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Most elegant and efficient way to track "logged in" time

Posted on 2014-01-17
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Last Modified: 2014-02-15
I am currently using cookies for authentication. I have done this on purpose so that a) remember me works, and b) I can authenticate users based on a key. But, this has a downfall - since I am authenticating a user at every page load (required for the security of this project to prevent people from accessing off limit areas), I am unsure how to gather stats like: "user X was logged in for 30 minutes today."

The current authentication scheme works like this:
1. User authenticates with a user / pass.

2. After authentication is verified, I create a token using HMAC, an encryption key, and a random number. The key is 8 characters long, and stored in the cookie $_COOKIE['current_user']. If "Remember me" is not checked, the cookie is lost, and you have to re-authenticate to get back in. If "remember me" is checked, the cookie for that user is saved, and the next time we load any page from the site, the token ("key") is used to authenticate instead.

3. When a page loads, the key is grabbed from cookies, and a database query is executed to find the user that has that matching key, and from that, the $current_user object is loaded which contains user information and permissions.

4. The token is delivered over SSL to prevent man in the middle attacks, and the key is sufficiently difficult to crack so the odds of someone getting into an account by "figuring out" the key are low. Especially since the key changes with every successful authentication. (It does not change if you authenticate based on the cookie, so remember me does work). If someone was able to gain access to a single account, elevation of privledges would also be sufficiently difficult because you would have to crack the "current" key of the admin.

This setup allows admins to sudo into other accounts for customer support issues because the admin can just lookup a user's current token in the database, and borrow it to support a customer.

it all works quite well.

The problem I have is that since I am authenticating in a "stateless" manner, I am not quite sure how to show that user X was logged in from 4:02pm to 4:15, and then was gone for 20 minutes, and then came back at 5:01pm and was active until 5:51pm.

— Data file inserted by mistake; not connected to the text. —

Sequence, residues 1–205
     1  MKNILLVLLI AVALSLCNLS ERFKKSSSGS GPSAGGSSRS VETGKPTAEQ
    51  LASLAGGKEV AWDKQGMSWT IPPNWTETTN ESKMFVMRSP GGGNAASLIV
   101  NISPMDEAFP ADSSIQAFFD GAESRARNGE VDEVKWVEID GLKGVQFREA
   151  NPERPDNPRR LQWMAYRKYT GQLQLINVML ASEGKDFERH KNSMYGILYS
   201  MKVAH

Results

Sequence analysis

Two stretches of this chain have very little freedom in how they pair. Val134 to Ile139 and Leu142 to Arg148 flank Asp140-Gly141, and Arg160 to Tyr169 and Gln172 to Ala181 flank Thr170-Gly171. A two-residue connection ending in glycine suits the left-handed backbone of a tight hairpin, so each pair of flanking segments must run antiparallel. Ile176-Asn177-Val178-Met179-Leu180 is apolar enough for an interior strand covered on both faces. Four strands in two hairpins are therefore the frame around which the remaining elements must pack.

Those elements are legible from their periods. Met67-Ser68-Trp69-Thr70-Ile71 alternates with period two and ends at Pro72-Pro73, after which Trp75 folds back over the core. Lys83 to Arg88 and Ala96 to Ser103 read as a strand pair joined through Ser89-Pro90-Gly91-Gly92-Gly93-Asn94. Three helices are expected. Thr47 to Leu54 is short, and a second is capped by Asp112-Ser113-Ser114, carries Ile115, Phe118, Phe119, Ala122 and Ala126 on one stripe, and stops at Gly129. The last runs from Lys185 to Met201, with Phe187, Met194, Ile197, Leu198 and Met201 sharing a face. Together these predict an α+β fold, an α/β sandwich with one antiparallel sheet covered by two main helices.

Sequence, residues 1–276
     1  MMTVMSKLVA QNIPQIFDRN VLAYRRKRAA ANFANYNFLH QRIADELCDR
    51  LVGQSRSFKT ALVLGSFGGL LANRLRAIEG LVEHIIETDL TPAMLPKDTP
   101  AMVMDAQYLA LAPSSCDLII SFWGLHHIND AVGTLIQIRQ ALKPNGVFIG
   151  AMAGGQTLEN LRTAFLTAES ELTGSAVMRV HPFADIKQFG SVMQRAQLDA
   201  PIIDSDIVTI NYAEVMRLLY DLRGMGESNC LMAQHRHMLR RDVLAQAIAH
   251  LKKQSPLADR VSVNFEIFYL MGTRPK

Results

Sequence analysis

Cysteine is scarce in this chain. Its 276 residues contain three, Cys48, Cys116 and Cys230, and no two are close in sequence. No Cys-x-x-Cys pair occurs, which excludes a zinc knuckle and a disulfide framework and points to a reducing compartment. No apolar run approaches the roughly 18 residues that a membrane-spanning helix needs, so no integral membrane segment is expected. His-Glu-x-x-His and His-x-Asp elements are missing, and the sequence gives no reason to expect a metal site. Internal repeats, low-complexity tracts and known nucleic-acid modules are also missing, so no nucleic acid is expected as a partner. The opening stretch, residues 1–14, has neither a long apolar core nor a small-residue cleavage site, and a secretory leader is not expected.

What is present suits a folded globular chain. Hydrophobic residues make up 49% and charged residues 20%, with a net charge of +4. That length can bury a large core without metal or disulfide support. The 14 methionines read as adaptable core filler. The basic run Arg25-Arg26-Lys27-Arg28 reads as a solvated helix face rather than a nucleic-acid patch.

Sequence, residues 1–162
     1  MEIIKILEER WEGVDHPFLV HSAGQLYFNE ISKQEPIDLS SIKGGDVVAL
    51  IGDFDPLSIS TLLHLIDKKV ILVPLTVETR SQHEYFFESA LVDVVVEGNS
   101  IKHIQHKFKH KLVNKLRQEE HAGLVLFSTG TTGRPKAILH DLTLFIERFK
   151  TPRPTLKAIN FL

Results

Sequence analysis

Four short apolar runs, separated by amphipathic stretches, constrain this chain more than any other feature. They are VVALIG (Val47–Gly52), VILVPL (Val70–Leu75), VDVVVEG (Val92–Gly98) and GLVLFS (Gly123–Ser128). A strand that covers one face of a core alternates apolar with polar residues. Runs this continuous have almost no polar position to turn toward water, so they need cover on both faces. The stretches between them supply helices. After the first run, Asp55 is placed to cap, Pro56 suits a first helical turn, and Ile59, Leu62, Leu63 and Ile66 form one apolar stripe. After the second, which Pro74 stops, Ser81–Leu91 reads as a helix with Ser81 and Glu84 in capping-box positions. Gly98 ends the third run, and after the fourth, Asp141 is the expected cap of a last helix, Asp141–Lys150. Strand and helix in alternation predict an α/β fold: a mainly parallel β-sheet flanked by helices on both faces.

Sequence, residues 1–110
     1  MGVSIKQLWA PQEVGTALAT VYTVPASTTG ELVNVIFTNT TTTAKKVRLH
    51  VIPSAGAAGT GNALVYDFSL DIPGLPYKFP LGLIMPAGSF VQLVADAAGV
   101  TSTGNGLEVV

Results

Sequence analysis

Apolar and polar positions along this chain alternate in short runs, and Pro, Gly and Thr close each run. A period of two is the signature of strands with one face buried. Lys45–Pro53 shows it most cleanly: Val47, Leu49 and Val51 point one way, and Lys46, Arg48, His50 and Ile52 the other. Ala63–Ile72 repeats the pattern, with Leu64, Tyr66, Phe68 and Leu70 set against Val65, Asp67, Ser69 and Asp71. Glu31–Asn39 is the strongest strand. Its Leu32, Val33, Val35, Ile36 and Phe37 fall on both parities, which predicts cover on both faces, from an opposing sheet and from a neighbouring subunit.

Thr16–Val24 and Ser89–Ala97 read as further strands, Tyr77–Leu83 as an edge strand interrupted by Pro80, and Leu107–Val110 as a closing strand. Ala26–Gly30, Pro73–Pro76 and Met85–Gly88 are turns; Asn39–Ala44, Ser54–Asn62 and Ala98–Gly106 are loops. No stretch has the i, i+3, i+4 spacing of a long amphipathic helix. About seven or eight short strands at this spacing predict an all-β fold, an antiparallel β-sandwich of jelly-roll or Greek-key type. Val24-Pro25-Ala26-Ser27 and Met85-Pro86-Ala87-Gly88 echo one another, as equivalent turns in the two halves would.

My logs show a series of authentications, which could be used to calculate time on site, but I am wondering if there is a more elegant way.

Here is an example log showing several full sessions, and the beginning of a last session. Each line represents a page loading (remember, we authenticate every page every time). Startup is when the page load starts, and shutting down is when the user object is unset() after the page load is compelte. Some of these pages are very long with a lot of content, so they take upwards of 1-2 seconds.

2014-01-16 04:00:13     current_user    current_user starting up...
2014-01-16 04:00:13              shutting down...
2014-01-16 04:15:17     current_user    current_user starting up...
2014-01-16 04:15:17              shutting down...
2014-01-16 04:15:22     current_user    current_user starting up...
2014-01-16 04:15:23              shutting down...
2014-01-16 04:15:23     current_user    current_user starting up...
2014-01-16 04:15:23              shutting down...
2014-01-16 04:15:30     current_user    current_user starting up...
2014-01-16 04:15:30              shutting down...
2014-01-16 04:30:10     current_user    current_user starting up...
2014-01-16 04:30:11              shutting down...
2014-01-16 04:30:41     current_user    current_user starting up...
2014-01-16 04:30:42              shutting down...
2014-01-16 04:30:46     current_user    current_user starting up...
2014-01-16 04:30:46              shutting down...
2014-01-16 04:33:05     current_user    current_user starting up...
2014-01-16 04:33:05              shutting down...
2014-01-16 04:33:08     current_user    current_user starting up...